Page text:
The unofficial theme of the first month of This is Thirty Four is “New Beginnings.” (I know. I’m singing the Semisonic song too.) Beginnings often mean change. Change is disruptive, and disruption often takes courage.
This weekend, I attended the March For Our Lives Rally in my town. I’ve never participated in a rally or a march or a protest. Not because I don’t feel strongly about certain issues, but because, honestly, I’m not always courageous in that way.
But I don’t like to write about something I’ve never experienced. So, I went downtown, not knowing what to expect. As I got out of my car, I saw people lining the sidewalks, walking towards the rally.
So, I walked with them.
The closer we got to the rally, the louder the music and the buzz of conversation became. I’ll admit; it was a bit frightening at times. Sadly, these days, where large crowds are gathered, bad things are prone to happen.
But I kept walking.
I reached the crowd, not seeing a single person I knew. I live in a small town and thought the odds of finding someone I knew might be in my favor. I was wrong.
But I kept walking.
I walked through groups of people, huddled together with their signs, some of which I didn’t agree with and some of which resonated deeply with me. Perhaps I was projecting, but I felt like people knew I wasn’t sure if I belonged in their midst.
Still, I kept walking. Until I stopped. In the middle of the crowd. To listen.
I listened to the voices of high school students as they gave impassioned speeches and sang songs decrying violence and gun culture. Whether you’re a card carrying member of the NRA or hippie who makes love, not war, I think we can all agree that these kids—from Emma Gonzalez and the Parkland students in Washington DC to the local students in the 800 + cities across the US who marched, to the minority youth who don’t have a hashtag or the ability to organize but who face violent realities every day—are brave.
I left the rally thinking about change. Not only what it would take to see change in the number of school shootings and violent crimes in our country (a topic I am not qualified to address here) but also about change in my own life. What would it take to see change in certain areas of my life—of our lives-- where I (we) feel stuck?
Great People Change Things
I can't stop thinking about the Amy Poehler quote that's circulated the Internet this week. It's from her book. "Yes, Please': "Great people do things before they're ready."
Like people who hope for political change, we might HOPE our marriage will get better or we HOPE to lose those 20 pounds. We HOPE to mend a broken relationship or we HOPE to stop doing that self-destructive thing that we don’t want to do but can’t seem to stop doing. We HOPE, but are we actually willing to DO?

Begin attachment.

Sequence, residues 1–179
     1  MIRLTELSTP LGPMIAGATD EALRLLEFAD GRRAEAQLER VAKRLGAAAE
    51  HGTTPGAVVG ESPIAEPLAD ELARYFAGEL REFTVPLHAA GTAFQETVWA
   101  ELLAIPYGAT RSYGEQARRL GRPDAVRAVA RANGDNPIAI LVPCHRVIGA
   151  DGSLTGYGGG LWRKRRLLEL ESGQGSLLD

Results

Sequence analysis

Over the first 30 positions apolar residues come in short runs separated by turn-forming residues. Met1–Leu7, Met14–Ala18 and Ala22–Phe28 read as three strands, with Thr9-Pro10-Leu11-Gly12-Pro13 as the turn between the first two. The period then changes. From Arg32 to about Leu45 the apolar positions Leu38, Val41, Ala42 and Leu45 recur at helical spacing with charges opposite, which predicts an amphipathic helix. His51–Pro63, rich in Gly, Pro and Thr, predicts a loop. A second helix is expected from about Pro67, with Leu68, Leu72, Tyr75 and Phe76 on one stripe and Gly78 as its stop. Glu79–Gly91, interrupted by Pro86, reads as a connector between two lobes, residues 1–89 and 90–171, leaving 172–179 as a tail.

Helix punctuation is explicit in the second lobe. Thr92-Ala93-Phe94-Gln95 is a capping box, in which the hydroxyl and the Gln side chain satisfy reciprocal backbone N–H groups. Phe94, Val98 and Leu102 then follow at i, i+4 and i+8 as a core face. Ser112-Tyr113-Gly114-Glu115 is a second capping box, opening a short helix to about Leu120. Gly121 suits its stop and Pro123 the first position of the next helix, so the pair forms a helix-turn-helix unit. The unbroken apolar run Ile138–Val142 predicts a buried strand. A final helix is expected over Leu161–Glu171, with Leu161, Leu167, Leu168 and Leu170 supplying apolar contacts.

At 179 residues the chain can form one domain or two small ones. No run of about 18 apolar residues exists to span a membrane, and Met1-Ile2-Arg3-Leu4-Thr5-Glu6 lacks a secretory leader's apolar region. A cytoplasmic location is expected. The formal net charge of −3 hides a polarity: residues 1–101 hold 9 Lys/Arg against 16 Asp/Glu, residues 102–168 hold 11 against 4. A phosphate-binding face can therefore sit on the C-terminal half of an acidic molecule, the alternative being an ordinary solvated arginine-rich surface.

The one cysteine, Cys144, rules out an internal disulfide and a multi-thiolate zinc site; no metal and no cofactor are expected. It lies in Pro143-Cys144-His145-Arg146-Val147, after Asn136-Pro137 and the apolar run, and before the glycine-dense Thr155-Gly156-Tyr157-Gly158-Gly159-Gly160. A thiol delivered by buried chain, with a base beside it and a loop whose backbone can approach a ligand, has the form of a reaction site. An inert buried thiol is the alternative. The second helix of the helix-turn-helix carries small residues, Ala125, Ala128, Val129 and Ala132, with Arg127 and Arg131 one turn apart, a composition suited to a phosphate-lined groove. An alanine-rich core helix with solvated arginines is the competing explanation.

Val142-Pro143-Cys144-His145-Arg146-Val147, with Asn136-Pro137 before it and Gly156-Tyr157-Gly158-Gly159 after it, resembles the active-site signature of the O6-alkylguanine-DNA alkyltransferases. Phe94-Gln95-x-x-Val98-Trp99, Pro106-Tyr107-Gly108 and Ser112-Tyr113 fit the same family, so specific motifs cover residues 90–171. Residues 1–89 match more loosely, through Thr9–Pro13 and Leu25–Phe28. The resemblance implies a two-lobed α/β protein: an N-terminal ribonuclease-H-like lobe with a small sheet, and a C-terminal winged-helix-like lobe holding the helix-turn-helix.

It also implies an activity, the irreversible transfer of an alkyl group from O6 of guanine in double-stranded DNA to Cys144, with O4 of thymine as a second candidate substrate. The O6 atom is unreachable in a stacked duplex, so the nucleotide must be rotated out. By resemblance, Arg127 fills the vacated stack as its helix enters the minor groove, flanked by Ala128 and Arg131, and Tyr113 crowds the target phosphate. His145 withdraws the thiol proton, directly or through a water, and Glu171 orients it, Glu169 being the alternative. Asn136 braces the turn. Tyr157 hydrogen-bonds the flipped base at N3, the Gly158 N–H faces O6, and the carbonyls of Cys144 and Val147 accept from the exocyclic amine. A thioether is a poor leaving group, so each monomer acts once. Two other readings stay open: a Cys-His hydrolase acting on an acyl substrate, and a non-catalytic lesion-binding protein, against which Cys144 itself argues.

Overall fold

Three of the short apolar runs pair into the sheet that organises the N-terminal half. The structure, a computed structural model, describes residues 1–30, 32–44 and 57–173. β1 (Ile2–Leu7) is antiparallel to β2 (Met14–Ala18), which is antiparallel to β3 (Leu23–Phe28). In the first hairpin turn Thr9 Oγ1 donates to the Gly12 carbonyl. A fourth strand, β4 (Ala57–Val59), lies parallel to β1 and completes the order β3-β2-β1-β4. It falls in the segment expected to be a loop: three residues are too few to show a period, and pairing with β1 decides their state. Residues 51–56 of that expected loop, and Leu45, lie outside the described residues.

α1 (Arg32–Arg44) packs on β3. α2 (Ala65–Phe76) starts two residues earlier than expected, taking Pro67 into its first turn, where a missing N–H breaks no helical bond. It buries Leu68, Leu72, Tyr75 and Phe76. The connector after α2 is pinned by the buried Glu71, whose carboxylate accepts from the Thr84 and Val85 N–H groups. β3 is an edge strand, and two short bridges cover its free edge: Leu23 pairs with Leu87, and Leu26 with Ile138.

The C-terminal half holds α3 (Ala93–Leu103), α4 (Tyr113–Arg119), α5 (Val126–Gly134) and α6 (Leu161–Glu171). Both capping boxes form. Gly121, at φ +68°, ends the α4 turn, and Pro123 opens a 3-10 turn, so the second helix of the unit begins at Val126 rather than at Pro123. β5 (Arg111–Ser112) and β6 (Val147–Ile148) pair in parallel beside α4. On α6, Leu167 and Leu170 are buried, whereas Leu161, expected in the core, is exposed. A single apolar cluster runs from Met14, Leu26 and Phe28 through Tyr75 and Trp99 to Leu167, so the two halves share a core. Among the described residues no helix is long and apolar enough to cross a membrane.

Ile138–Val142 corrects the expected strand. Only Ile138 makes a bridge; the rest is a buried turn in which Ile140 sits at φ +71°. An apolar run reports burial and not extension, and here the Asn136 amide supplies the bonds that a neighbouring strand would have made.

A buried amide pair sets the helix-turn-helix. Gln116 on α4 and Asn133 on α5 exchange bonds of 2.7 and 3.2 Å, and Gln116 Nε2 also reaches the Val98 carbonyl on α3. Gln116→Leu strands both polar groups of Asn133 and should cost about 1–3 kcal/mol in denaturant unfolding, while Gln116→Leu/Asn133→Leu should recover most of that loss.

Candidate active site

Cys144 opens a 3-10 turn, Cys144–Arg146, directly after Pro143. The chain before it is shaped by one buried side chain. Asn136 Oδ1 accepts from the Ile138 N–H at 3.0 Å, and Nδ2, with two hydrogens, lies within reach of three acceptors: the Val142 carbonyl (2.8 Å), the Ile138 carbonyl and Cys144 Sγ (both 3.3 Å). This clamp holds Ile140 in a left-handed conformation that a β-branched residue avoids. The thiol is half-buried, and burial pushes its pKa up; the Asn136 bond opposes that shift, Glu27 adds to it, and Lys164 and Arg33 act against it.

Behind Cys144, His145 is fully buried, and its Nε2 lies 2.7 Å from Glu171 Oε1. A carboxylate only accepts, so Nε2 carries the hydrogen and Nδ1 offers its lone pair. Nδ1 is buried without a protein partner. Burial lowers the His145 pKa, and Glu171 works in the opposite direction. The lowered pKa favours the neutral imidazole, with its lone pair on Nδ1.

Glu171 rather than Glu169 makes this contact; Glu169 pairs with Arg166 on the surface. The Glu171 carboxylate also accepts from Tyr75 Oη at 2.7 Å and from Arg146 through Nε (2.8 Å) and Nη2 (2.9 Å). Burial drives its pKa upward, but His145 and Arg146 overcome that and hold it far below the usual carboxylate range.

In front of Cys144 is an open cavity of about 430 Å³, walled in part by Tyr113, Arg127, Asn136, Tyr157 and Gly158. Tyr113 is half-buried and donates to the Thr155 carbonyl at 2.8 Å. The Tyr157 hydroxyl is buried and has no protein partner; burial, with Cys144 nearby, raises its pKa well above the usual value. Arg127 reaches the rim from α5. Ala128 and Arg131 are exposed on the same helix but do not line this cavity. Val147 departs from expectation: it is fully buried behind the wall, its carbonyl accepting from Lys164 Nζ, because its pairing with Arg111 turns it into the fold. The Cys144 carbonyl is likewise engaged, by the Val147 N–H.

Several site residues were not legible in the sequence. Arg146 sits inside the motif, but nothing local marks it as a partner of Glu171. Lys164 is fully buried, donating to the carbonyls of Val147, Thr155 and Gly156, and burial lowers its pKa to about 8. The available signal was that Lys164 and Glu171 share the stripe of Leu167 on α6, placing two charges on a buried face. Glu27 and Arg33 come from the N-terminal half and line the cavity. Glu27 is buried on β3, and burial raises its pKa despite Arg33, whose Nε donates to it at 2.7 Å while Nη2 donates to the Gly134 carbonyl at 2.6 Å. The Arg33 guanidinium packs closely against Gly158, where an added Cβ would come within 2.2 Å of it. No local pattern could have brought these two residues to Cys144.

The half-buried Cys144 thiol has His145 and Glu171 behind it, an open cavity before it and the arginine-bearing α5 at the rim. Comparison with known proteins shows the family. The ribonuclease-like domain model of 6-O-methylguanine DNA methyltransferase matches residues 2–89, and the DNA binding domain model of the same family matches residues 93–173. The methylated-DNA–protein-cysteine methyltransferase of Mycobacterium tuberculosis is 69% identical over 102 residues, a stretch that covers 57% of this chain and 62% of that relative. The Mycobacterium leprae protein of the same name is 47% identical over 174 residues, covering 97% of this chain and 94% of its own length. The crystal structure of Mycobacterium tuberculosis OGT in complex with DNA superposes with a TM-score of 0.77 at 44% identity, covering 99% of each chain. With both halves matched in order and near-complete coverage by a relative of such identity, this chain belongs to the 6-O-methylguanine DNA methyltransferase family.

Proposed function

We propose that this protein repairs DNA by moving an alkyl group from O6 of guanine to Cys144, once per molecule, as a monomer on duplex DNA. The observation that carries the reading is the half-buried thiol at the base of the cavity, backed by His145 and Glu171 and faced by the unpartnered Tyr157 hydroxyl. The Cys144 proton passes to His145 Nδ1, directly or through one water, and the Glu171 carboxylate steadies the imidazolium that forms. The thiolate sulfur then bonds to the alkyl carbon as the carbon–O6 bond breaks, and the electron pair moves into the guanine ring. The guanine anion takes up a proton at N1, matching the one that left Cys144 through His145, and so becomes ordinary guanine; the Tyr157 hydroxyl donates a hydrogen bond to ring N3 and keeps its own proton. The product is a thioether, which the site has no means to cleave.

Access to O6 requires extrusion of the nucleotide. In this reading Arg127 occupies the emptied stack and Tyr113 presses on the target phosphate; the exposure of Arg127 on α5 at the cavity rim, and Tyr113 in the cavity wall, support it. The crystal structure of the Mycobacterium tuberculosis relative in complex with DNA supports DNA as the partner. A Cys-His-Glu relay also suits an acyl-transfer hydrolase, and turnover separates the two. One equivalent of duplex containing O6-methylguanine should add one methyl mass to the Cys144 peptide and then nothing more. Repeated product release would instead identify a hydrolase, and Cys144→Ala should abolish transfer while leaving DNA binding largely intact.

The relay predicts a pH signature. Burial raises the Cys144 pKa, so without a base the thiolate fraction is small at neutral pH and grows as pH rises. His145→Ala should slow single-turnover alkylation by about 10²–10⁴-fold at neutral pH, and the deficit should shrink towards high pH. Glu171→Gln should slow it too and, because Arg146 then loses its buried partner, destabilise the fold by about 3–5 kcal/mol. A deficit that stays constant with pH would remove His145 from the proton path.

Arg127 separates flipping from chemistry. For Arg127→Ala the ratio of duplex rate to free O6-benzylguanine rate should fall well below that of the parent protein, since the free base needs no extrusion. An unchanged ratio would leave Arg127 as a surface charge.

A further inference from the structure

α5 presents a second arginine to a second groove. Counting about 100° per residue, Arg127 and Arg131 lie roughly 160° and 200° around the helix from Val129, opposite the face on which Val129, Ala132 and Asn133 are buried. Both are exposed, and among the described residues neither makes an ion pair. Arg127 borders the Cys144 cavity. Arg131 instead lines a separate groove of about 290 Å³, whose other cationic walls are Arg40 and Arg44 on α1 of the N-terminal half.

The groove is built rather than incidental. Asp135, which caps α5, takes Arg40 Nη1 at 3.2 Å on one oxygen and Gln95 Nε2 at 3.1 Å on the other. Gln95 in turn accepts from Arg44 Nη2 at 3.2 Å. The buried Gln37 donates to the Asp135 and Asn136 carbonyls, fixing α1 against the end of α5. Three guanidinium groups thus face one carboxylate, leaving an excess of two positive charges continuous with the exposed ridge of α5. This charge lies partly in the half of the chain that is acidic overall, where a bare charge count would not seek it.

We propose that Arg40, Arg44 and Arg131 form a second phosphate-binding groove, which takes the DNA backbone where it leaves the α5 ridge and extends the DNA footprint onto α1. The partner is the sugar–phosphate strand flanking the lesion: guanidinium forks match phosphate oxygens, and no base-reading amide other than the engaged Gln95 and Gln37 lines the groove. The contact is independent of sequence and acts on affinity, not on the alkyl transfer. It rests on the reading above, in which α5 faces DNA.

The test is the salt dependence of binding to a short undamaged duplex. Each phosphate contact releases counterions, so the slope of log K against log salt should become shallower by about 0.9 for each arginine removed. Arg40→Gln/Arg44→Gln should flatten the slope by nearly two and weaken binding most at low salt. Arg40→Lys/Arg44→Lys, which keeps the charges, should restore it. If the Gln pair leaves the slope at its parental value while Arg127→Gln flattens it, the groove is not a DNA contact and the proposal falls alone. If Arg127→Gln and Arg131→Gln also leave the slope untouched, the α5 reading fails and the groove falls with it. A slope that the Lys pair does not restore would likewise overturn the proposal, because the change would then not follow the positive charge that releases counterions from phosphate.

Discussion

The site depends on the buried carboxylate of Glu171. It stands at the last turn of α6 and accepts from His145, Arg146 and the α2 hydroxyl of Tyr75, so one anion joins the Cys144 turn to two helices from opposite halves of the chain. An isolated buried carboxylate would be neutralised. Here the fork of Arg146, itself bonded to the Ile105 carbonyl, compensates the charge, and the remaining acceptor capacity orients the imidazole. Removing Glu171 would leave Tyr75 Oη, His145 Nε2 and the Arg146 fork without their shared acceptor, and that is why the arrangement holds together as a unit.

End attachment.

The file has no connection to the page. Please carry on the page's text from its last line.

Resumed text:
As Rachel Hollis (who I'm probably not going to stop quoting anytime soon) says: ”Hope is not a strategy."
I can’t tell you how to change the world, yourself or your circumstances. I do know that just like attending the March For Our Lives rally, I often find the inspiration to change when I approach a situation with humility and an open mind and most of all, when I listen.
There is so much value in listening and learning from other people—people who have different opinions from you, people who have faced similar situations, people who have gone before.
Next week, I’m heading down to Glendale, CA to attend the Rise Conference. I don’t know a single person attending the conference. I’m going to meet other women who are doing cool things online and elsewhere, to get inspiration and insight from the amazing speakers, and hopefully to come away feeling “unstuck” in a few areas I’ve been struggling with.
I have no idea who I’ll meet or exactly what I’ll be doing while I’m down there… which is both terrifying and kinda cool…but mostly terrifying. I just know that, for me, lately, pushing myself out of my comfort zone is where I’ve seen the most change. Much like the people who marched on Saturday, I’m tired of HOPING for change in my own life, and I’m ready to take action.
What about you? In what areas of your life are you hoping for change and what is your strategy to accomplish it? Maybe it’s attending a conference. Maybe it’s reading a book, going to that therapy session or making that phone call. THINKING about doing something doesn’t do very much at all.
Do you know what the rest of Amy Poehler's quote says? "...(Great people) do things before they know they can do it. Doing what you're afraid of, getting out of your comfort zone, taking risks like that--that is what life is. You might be really good. You might find something out about yourself that's really special and if you're not good, who cares? You tried something. Now you know something about yourself."
Whatever it is you’ve been meaning to do, now is as good of a day to do it as any. Pick up the book. Schedule the appointment. Make the phone call. Let today be the day that marks your “New Beginning.”